The creative high-point of the season however is "Connection Lost," which easily could have been just a gimmicky experiment, as the entire episode takes place on Claire's computer screen as she sits stuck in an airport, trying to track down Haley following a big fight. Integrating a variety of popular technologies which loop together the show's characters, from Facetime to Facebook to email, the story unfolds smoothly like a well-crafted mystery, despite never leaving Claire's desktop. Though you could view it as a commentary on an always-connected society that manages to not really be connected in a meaningful way, it is a great example of the show's rapid-fire sense of humor and ability to get laughs out of more than just a punchline, not to mention the skill and talent that goes into the series both in front of and behind the camera.
The Dolby Digital 5.1 tracks are noticeable mainly during the show's swinging theme song, where the surrounds carry the power of the tune. Otherwise, the show lives mainly in the center channel, with very clear dialogue, while the surrounds hold some very light atmospheric effects (like background noise.) Though there's no real presence in the low-end, the rest of the sound is effective for a dialogue-driven comedy .
As with previous sets there are several featurettes focused on specific episodes, starting with a pair of holiday-themed segments, "Awesome Halloween" (4:35) and "A Modern Thanksgiving" (5:25). Both feature on-set footage and interviews with cast and a few crew members, as they talk about each episode's plot points and talk a bit about the related holiday. There's not a tremendous amount of insight, but the participants are personably.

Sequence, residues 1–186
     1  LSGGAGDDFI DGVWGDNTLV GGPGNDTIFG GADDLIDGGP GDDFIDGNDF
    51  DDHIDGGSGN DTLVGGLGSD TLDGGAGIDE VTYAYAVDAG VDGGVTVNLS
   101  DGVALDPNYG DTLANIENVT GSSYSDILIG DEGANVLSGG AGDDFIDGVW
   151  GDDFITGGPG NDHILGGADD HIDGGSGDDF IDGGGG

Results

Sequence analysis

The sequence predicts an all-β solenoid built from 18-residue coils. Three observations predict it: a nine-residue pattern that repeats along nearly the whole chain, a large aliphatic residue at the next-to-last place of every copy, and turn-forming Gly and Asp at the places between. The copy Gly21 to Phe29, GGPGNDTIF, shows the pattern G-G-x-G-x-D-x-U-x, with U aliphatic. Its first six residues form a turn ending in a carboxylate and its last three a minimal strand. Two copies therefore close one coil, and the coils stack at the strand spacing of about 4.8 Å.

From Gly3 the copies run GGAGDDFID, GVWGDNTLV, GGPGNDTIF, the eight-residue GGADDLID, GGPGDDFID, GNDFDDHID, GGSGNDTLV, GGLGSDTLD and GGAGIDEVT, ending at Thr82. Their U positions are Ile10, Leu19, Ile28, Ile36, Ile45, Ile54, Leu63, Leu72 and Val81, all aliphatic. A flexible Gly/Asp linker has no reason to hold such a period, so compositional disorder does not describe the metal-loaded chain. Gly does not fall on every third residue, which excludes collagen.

That's especially true for the subject of this season's "A Day with" entry (6:08), Julie Bowen. A fun personality, Bowen walks us through her work day and chats with collaborators, including Danny Zuker and a baby-car riding Gould. Though getting to explore her life on set is interesting, it's her personality that's the most engaging thing about this item.
The season's big coputer episode is front and center in "Modern Connections: The Making of an Episode" (8:58), which makes perfect sense as the season's most unique outing. Levitan and company talk about the inspiration for the episode, the challenges they face, the techniques and technology utilized in production to solve problems and the extensive post-production required by the storyline.
Wrapping up the extras is an 11:26 gag reel, which oddly starts out with a highlights package for this season before moving into flubs, breaks, dancing and, most enjoyable of all, Vergara's difficulties with the English language, which offer up very lighthearted laughs.
The Bottom Line